However, it is no secret how talking about money is still a taboo in our country. Hence, some women find it hard to ask about money. They forget that it’s them who’re hiring the advisor, and asking the pay is their basic right.

4. The men should realise that women are not stupid!

Come on, they are planning to handle the whole of finances and you assume them to be vacuous just because they didn’t know one simple financial term?

Most women want to build a relationship with an advisor who can educate and inform them without being condescending. They want someone they can relate to, and even prefer asking friends over advisors for financial advice. The sole reason for this is being comfortable in clearing their doubts asking all sorts of questions.

They’re looking for ballast, not a bull charging into someone’s financial life.

5. A big YES to trustworthy people.

Women need someone they can comfortably vent out in. We all know the vast difference between the lives of a man and a woman, hence they have different stories.

Women in India pursue their careers while juggling family responsibilities such as caring for their children, parents or spouses. Compared to the average man, the average woman spends 57% more time out of the workforce and 36% longer in retirement while living five years longer, according to estimates.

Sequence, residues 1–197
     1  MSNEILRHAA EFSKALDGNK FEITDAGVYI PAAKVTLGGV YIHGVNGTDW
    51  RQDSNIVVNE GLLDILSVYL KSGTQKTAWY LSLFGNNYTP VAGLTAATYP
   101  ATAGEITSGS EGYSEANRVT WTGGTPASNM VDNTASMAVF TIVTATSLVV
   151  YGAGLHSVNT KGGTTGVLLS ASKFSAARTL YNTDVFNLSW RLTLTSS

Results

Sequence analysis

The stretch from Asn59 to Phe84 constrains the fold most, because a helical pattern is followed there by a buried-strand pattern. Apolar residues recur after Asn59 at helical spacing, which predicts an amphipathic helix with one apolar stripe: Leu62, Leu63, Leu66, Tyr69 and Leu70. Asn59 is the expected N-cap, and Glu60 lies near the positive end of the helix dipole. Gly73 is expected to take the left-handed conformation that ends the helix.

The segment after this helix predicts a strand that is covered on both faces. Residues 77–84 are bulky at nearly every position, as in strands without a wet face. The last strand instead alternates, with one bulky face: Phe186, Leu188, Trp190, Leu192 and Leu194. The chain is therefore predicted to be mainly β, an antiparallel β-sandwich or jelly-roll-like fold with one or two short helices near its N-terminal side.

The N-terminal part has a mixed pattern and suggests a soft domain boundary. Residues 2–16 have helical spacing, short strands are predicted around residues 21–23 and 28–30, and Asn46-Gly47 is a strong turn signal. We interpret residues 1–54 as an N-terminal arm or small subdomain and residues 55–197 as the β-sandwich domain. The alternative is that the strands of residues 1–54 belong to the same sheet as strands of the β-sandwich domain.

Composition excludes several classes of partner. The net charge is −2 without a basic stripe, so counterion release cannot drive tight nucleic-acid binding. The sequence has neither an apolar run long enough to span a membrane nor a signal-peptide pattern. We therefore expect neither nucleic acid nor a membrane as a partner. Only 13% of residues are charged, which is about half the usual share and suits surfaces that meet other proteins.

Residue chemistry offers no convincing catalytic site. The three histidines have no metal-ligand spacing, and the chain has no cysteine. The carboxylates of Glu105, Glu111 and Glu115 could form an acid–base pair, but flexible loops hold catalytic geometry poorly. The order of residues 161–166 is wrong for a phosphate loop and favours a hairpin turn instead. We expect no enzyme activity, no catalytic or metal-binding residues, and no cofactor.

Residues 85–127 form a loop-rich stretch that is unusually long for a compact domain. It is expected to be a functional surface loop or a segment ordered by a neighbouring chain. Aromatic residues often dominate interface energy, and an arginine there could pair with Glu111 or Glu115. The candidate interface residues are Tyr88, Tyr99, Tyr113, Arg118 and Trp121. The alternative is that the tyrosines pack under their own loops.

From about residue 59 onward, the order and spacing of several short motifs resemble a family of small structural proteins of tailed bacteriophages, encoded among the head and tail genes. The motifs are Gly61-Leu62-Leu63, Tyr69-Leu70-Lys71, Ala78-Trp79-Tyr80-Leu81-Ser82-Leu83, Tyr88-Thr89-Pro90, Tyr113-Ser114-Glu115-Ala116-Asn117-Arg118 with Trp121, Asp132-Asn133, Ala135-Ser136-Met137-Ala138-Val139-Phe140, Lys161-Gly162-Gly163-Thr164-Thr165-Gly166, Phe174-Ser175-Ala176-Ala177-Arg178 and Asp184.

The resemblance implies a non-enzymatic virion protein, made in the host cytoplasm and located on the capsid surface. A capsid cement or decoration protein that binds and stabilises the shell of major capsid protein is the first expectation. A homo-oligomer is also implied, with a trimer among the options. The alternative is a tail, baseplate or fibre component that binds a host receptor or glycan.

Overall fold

It is crucial for women to feel a sense of connection as well as to feel comfortable asking any question to their advisor.

6. Look for a holistic approach

Women today want goals-based planning, not investment management-centric planning.
For the overall security, it is necessary to find an advisor who isn’t only focused on the family’s assets, but also understands your family, your caregiving demands, your career, your money goals (which might be different than your partner’s) and your risk tolerance.

An advisor should provide full financial planning services, not just investment planning and a retirement plan. Risk management, health care costs and estate planning should be discussed, and a plan should be created.

You have to invest your hard-earned money into all the sectors, so why not plan it all out and play it safe?

7. You and your partner can/cannot have the same advisor.

You can have a mutual financial advisor, but you should definitely take care that both of you get your requirements satisfied. She/he should treat you two as two different clients with different wants.

I use the same advisor as my husband, and that works well for me. She meets with him and me both separately and together and understands that we have a seven-year age gap, as well as different retirement goals and spending habits. She helps us communicate about these issues, so we’re on the same page and rightly lets us have different investment strategies that are age-appropriate.

But, what works for one might not work for another! Being a woman, one may approach the money in a dissimilar way. That should not be a problem. A financial advisor should always value you as a decision maker in your family finances.

Good luck finding the right advisor, all the beautiful women out there!


The author of this article is Neha Mitroo.